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By Kyleen Luhrs, Alee Perkins, Rachel Shaffer, Kelsey Sholund, Manahil Siddiqi, and Rebecca Wu, students at the University of Washington schools of medicine and public health. Manahil Siddiqi is pursuing a graduate certificate in the global health of women, adolescents and children. 

This op-ed originally appeared in The Olympian.

As students at the University of Washington School of Medicine and School of Public Health, we are concerned about the lack of paid parental leave in Washington state.

Currently, the United States is the only industrialized country that does not guarantee paid parental leave. Early childhood development has a huge impact on future health, and paid parental leave contributes to better infant care, family bonding, and improved health for new parents. We support House Bill 1116 and Senate Bill 5032, which both lay out detailed policy plans for paid parental and medical leave in Washington State.

The Legislature should act swiftly on these measures.

The American Academy of Pediatrics has promoted paid parental leave initiatives due to the proven health benefits these policies provide. It has been shown that paid parental leave results in higher rates of breastfeeding, which is the most optimal nutrition source for an infant. Breastmilk also provides natural, long-lasting immunity against illness. Early return to work is a barrier to breastfeeding, and forces many parents to purchase formula instead. In California, one of the few states that has a paid parental leave policy, the median duration of breastfeeding doubled for mothers who took paid maternity leave.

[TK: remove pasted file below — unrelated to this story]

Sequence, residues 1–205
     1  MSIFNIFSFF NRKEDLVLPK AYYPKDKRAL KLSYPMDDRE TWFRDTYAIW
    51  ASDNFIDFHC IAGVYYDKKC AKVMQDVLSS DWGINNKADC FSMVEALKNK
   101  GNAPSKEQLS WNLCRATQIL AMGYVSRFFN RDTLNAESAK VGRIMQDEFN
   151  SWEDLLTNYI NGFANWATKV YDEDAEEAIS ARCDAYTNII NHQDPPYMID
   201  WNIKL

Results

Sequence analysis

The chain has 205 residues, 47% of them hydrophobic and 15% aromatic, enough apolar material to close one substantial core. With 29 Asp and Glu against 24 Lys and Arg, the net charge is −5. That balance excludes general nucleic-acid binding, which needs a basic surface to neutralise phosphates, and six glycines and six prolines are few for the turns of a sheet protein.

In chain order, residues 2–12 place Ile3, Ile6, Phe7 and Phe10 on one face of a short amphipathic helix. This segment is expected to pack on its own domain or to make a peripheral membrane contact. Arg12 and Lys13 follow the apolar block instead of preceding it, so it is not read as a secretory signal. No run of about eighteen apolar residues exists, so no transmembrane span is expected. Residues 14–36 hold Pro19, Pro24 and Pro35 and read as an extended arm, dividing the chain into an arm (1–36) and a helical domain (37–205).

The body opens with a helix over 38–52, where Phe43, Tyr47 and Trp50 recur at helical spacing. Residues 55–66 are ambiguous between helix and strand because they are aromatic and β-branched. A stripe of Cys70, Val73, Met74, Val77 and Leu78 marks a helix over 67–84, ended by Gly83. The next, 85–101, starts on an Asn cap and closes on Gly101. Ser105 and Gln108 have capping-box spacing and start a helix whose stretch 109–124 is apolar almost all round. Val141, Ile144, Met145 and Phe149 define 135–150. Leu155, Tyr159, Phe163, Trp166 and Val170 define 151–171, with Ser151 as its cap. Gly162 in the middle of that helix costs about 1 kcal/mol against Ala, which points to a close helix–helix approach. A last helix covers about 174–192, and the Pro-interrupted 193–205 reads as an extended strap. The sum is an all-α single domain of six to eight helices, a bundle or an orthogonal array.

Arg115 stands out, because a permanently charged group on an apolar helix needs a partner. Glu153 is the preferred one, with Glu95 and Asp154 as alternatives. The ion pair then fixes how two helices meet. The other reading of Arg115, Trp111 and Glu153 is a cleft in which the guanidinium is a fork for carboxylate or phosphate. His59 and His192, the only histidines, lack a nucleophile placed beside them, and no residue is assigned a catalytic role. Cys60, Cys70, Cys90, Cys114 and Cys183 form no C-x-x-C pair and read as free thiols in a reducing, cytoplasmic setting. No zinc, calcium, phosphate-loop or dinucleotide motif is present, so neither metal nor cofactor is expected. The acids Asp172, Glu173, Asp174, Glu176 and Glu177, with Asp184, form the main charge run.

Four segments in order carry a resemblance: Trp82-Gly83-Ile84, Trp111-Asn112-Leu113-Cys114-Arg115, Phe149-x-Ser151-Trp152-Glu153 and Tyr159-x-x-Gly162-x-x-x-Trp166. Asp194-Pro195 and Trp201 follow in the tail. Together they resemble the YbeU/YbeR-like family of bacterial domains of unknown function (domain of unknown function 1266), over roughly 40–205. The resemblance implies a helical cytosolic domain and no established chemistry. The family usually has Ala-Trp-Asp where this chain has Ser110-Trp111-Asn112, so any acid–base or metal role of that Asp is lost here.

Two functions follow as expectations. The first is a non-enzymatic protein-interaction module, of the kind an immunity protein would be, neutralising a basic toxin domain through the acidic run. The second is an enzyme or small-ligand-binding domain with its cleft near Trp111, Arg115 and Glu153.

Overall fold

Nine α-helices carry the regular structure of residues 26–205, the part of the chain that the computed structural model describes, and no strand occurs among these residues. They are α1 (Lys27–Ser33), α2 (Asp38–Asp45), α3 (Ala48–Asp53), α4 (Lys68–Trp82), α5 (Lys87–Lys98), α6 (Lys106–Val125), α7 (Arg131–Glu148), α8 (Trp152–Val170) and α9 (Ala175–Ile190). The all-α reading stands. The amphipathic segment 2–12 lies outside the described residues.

Parents are more likely to bring their babies to well child checkups if they are not forced to take time off from work to go to appointments. By incentivizing preventive care through paid parental leave, the cost to the medical system would decrease because serious health complications could be more easily avoided. A 2011 study found that 10 weeks of paid maternity leave resulted in a 10 percent reduction in early child mortality rates.

Many parents are forced to choose between providing for their families financially and the health of their children — a choice no parent should face.

Results from five key federal data sources between 2008 and 2013 showed that only 12 percent to 39 percent of workers in the United States currently have paid parental/family leave coverage. We urge Washington state to follow the examples of California, New York, New Jersey and Rhode Island in passing the policy measures in the House and Senate that provide paid family leave of 26 weeks, and paid medical leave of 12 weeks for serious illness, for all workers. A study funded by the US Department of Labor demonstrated that three in four voters would support this legislation.

We applaud efforts by groups, including the Washington chapter of Physicians for Social Responsibility and the Washington Work and Family Coalition, in promoting this issue. Paid parental leave will improve the health of Washington families, the workforce, and future generations, and we encourage the Legislature to act as soon as possible to implement these crucial policies.